The Janata Samajbadi Party, Nepal (JSPN) came into being a year ago to thwart Prime Minister KP Oli’s bid to split Upendra Yadav-led Samajbadi Party. Oli’s intent was to lure seven Samajbadi Party lawmakers into his government and thereby cement his hold on power. At that time, he also had an eye on a likely future split in the ruling Nepal Communist Party, with the ex-Maoist faction under Pushpa Kamal Dahal walking away. In that case, he would need Madhesi support to retain his parliamentary majority.
Besides this proximate reason for the merger, the combined Madhesi force could better lobby for Madhesi rights in the new constitution. On the national front, the JSPN presented a much-needed alternative vision for Nepal, with greater emphasis on ethnic and regional rights. (The two other major actors, the Nepali Congress and the then Nepal Communist Party, agreed on most vital constitutional issues.)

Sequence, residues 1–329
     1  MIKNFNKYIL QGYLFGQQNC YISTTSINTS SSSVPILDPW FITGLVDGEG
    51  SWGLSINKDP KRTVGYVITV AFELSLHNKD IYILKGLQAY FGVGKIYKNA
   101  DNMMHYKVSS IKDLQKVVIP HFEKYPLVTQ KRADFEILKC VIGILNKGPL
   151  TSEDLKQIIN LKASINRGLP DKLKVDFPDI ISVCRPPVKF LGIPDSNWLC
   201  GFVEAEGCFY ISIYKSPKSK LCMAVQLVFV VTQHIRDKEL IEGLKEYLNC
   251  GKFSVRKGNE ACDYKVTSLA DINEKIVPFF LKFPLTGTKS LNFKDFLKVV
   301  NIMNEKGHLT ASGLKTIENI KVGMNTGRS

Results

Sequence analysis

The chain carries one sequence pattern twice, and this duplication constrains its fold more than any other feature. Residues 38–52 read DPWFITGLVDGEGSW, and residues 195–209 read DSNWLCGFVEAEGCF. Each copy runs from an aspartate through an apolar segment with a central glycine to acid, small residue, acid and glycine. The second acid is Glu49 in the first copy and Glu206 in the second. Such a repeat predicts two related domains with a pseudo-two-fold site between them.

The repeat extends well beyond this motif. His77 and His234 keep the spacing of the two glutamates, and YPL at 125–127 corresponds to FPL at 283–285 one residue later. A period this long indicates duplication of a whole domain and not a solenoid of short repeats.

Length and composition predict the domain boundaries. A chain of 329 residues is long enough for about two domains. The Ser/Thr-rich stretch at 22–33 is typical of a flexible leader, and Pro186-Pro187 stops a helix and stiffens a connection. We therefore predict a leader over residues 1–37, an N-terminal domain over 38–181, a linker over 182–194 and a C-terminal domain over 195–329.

Yet the 2020 merger of the two Madhesi parties was always going to be tricky. The biggest obstacle to party unity would be top Madhesi leaders’ portfolio management. This was a headache even in the pre-merger RJPN, itself formed with the merger of six different Madhesi parties. With the RJPN combining with Samajbadi, the number of big egos at the top only multiplied. As expected, they have tussled bitterly post-merger. Now, the combined JSPN is once again on the verge of a split.
It is clear that the JSPN came together and could now split for no other reason than the failure to accommodate the outsized egos of its leaders. Whatever they say in public, they seem incapable of collectively fighting for the Madhesi people. This brings us to a vital question: Why do we need a strong Madhesi force if it is to be no different to other traditional parties that already have strong presence in Tarai-Madhes? This question will only get louder as the rift in the JSNP deepens over whether to help KP Oli retain power. Madhes, meanwhile, will be ripe for another uprising.